I want to share what I noticed:

“Hmmm, I’ve gone 3.4 miles in 28 minutes. Okay good…”

“I hope my knee doesn’t start hurting.”

“What am I thinking right now?”

“You have to meet the goal you set for yourself.”

“I feel like I’m on an incline….but I’m not.”

“Joe must have fixed the treadmill. It was a bit unstable last time.”

“What if you don’t make it to 10K under an hour?”

“You don’t have a choice but to make it to 10K under an hour.”

“Gosh, I have a ways to go…”

“Can I keep up this pace?”

“How am I applying the visionary heuristic?”

Are you tired yet?! 😉 My thoughts were everywhere. Yours are too, but we rarely take the time to just watch them.  I want to share with you what the visionary heuristic is though because the next time you start doubting your ability to accomplish something, you can take this with you!


Remember this one thing. I did not say “perception IS reality.” The objective (what is fact based, right here, right now, present and in front of us) meets subjective (our cognitive biases, emotion, thoughts, values, feelings, etc. that color our worlds) to create our reality.  Here are some examples:

  • “Micky Mantle, baseball extraordinaire, when asked about his uncanny ability to blast home runs, the Hall-of-Famer famously replied: “I never really could explain it. I just saw the ball as big as a grapefruit.” It’s not surprising really that Mantle couldn’t explain his experience in the batter’s box. What he was describing was one of the fundamental mysteries of human perception. His comment goes to the heart of heuristic thinking, in particular the way the human mind comingles vision and emotions like confidence and fear of failure” (Herbert).
  • In a small informal experiment,  “volunteers were asked to estimate the size of a softball. They were not asked about inches or centimeters, because he didn’t want them to overthink it; he wanted to tap into how the brain actually “sees” the ball. So he had them look at several discs of different sizes, and choose the one that best matched the size of a regulation softball. Then he took these perceptions and compared them with the players’ batting averages from the evening. When he ran all the data through the computer, the findings were clear and interesting: The bigger the softball players perceived the ball to be, the higher their batting average that evening; the smaller, the lower. Like Mickey Mantle, the most talented Charlottesville softball sluggers (or at least the hottest hitters that evening) saw the ball as bigger than it actually is. ” (Herbert)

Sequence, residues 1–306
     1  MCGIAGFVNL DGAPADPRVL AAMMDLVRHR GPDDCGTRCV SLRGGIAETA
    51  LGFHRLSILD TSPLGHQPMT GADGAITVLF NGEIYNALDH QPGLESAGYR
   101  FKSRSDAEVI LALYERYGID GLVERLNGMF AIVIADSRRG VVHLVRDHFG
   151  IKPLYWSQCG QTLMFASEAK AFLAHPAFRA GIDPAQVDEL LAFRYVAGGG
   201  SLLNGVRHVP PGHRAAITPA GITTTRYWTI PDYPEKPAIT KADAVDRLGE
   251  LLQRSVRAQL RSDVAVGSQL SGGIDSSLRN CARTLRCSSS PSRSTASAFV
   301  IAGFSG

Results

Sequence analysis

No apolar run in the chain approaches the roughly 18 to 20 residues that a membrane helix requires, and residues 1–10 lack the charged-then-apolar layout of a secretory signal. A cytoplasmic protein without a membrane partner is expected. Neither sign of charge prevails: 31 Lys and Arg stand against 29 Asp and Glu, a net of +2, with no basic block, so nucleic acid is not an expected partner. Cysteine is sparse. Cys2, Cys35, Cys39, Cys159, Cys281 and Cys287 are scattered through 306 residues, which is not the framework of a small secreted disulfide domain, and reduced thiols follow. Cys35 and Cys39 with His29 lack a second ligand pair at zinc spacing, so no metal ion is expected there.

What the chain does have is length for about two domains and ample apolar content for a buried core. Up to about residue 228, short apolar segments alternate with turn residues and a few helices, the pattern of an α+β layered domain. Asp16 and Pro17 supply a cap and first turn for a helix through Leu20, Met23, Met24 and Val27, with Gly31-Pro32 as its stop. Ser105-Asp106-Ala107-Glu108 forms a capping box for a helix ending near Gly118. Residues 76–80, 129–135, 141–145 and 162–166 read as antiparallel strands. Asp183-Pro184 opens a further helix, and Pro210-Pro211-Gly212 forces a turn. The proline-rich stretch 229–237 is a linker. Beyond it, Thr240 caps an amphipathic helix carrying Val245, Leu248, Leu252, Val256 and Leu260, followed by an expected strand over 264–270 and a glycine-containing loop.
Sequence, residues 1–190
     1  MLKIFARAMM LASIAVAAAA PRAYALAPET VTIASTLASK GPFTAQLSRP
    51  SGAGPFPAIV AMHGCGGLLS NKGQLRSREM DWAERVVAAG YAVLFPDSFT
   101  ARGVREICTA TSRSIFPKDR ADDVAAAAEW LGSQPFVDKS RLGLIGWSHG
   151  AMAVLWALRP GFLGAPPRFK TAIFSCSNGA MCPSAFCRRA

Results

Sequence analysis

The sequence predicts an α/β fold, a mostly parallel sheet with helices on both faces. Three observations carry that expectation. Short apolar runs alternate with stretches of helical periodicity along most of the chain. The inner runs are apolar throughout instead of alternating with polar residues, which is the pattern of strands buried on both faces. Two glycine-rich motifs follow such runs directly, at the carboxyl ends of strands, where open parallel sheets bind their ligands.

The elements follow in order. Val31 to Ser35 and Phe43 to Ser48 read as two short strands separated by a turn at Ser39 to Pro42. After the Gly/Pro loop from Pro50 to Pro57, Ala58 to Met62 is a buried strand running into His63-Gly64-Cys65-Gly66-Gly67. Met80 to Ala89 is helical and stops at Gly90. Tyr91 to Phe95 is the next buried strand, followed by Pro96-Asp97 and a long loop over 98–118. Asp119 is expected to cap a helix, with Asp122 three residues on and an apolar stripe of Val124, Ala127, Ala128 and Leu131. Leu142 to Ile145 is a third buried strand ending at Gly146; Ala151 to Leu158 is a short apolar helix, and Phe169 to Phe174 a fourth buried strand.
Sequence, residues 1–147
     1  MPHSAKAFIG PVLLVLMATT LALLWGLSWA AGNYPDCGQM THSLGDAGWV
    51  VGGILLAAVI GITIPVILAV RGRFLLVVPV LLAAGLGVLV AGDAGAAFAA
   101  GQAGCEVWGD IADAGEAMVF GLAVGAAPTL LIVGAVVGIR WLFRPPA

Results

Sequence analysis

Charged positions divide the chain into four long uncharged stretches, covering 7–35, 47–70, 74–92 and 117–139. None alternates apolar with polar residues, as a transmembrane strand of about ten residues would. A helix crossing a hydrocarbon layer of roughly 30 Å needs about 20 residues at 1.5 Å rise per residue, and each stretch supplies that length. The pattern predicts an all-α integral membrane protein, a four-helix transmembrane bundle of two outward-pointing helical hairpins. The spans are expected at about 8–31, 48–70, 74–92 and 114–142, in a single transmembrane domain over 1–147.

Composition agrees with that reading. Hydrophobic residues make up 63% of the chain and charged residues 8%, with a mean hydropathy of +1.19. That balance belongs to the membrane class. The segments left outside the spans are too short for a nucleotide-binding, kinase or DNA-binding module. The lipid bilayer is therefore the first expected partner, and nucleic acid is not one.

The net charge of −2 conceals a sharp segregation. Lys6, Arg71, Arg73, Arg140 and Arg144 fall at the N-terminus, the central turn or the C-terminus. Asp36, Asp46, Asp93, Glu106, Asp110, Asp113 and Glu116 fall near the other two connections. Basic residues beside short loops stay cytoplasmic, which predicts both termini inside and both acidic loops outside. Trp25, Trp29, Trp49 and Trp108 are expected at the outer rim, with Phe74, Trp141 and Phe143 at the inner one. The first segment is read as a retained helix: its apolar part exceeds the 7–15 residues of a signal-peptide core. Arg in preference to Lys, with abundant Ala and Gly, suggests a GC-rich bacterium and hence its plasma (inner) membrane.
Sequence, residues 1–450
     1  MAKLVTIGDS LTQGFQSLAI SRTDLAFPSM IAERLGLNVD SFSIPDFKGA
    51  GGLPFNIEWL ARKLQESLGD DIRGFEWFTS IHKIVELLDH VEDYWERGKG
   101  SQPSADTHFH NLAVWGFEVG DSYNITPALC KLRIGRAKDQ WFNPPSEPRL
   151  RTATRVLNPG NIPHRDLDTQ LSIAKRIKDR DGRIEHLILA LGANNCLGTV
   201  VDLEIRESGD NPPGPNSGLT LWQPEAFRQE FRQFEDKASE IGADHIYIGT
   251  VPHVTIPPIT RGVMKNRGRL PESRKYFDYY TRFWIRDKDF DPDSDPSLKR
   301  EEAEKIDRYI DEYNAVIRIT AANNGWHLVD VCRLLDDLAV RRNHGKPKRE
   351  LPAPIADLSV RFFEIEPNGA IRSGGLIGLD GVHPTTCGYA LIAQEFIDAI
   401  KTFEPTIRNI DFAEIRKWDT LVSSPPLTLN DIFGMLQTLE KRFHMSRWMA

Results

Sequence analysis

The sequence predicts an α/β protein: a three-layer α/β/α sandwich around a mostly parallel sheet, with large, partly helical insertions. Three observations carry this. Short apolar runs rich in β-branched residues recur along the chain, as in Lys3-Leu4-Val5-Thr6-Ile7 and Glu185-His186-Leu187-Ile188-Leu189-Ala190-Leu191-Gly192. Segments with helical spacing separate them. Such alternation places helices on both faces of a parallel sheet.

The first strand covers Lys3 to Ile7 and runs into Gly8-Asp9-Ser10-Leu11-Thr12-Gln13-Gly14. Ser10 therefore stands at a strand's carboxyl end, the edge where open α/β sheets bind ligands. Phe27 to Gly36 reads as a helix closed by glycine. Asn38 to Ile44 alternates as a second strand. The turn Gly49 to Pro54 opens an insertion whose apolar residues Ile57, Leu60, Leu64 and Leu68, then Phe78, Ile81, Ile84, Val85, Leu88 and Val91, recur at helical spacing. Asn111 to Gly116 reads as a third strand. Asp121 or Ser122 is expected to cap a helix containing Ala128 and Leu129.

• And finally a golf example: “Just as Mickey Mantle saw the baseball as the size of a grapefruit, many professional golfers report highly distorted perceptions of the hole depending on how they’re putting. It can be as big as a bucket or basketball hoop, or as tiny as a dime or an aspirin, according to reports from the sports pages. Golfers who played well on the day of the study consistently saw the hole as bigger than it actually is—and bigger than the less successful golfers saw it. But handicap was unrelated to perception. In other words, both accomplished golfers and hackers saw the hole looming large if they were playing well on that particular day.” (Herbert).